Here at Don't Count On It Reviews, you can read reviews from different artists from different styles.
Wednesday, June 29, 2011
Plankton Wat - In Magical Light (2011)
Band: Plankton Wat
Country: Portland, Oregon
Style: Psychedelic Folk
Label: Reverb Worship
This is a very interesting release, from the cover art, which is what caught my attention, to the little bit of information I found out about this project, it just stuck out. My recent interest in folk music made me want to find something to review while it was the cover that caught my attention. The idea that this music was recorded on a four-track in Dewey Mahood's basement intrigued me enough to want to look into this more.
I'm not really sure what I expected to find from this release, from the live video that I watched of Mahood performing, it was very different from what I think most people would consider to be "folk" music. This is very stripped down, not so much raw, but very minimal, yet very textured, you can tell the different guitar parts apart from each other easily enough, but there isn't so much going on that there's a wall of sound. I don't know if I'd call this psychedelic, at times it does approach that sort of vibe, Clear Lake Highway for example, but I wouldn't say it ever approaches any sort of traditional psychedelic sound. In case this wasn't made clear yet, I think I should mention that this is a guitar oriented album, there are some additional instruments used, some cymbals, vocals, and synthe, but for the most part it's solely guitar based. It's very simplistic in its construction, but can be very effective, as in the acoustic led Shasta Trinity.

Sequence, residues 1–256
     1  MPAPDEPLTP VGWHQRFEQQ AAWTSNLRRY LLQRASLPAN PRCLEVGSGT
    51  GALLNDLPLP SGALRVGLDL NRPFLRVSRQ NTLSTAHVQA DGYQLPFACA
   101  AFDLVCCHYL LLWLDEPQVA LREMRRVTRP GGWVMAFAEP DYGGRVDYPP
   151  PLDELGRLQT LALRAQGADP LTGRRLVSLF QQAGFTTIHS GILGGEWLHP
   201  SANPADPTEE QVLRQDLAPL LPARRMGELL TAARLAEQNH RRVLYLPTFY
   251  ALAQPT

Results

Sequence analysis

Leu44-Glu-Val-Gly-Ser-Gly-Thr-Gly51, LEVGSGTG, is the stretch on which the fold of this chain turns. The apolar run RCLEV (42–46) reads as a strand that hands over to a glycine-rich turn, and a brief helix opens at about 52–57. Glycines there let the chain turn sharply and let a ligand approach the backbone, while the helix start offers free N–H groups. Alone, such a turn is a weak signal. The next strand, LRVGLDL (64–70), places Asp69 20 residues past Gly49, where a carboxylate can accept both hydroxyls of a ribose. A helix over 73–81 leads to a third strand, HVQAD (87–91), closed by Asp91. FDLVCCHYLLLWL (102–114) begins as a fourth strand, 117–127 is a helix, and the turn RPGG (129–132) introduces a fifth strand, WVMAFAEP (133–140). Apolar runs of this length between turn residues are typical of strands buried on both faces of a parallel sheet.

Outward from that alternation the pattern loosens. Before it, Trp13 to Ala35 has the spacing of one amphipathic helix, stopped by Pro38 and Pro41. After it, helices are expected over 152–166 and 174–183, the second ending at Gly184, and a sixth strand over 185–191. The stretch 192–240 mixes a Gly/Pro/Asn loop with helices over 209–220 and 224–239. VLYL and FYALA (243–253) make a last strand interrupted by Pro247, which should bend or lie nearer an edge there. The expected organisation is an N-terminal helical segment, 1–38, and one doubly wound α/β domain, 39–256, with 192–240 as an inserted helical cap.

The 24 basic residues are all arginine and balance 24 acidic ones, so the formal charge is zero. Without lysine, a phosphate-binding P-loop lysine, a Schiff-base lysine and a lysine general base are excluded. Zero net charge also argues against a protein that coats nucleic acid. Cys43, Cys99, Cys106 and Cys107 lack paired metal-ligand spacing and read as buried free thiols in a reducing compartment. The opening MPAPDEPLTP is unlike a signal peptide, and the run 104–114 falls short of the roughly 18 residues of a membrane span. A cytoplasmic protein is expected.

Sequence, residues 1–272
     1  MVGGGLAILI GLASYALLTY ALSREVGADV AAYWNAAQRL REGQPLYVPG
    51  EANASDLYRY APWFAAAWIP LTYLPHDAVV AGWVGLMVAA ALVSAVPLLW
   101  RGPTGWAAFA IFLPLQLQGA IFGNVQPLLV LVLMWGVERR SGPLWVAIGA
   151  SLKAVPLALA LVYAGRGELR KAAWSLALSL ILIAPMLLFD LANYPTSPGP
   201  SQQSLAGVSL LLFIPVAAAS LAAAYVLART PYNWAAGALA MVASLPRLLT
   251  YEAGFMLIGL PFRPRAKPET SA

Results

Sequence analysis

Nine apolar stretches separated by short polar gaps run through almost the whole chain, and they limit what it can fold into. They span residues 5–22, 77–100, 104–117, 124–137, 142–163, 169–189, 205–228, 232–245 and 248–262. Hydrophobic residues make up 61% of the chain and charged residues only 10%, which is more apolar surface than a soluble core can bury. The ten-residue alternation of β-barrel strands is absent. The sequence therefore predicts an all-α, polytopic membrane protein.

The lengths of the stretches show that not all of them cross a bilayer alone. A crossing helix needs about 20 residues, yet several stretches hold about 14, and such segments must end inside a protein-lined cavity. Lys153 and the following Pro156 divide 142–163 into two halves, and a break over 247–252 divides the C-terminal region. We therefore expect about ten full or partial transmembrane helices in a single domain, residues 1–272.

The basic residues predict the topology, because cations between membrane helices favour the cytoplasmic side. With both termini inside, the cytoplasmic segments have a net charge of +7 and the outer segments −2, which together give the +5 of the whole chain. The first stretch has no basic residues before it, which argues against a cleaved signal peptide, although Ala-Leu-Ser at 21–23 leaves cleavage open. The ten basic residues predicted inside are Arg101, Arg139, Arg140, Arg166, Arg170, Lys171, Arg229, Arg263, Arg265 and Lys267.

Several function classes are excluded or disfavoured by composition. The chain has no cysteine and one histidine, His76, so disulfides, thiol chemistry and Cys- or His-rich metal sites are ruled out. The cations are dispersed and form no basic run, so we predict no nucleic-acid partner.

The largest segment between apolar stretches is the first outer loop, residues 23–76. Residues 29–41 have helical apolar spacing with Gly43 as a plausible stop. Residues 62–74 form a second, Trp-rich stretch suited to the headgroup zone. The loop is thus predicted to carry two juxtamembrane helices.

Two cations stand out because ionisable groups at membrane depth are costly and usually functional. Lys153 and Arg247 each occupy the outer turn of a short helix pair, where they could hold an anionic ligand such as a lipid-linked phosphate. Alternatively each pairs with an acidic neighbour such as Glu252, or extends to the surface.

Having said all that, I do have to mention that this is a bit messy sounding. The different guitar parts sometimes just sound sloppily placed on top of each other and clash, hear opener The Redwood Coast. The mix on this could have been better as well, with the highs on here being too hot at times and just clouds the full sound. I totally get the bedroom, lo-fi, DIY approach to creating music, but I honestly feel like a better mix could have done this album a world better. At times this also feels like little more than an exercise in wanking off, closer Klamath At Dusk, which is a shame really.
Overall, I'm sort of divided on this thing, half of it is pretty boring, guitar "soloing" while the other half is very well constructed and minimalistic folk/post-rock. The middle of this record is really where it shines, but is bookended by two boring tracks, to be completely honest. If you're into sort of trippy folk sounding stuff, check this out, but do yourself a favor at only get those two core songs.
Overall Score: 5
Highlights: Clear Lake Highway, Shasta Trinity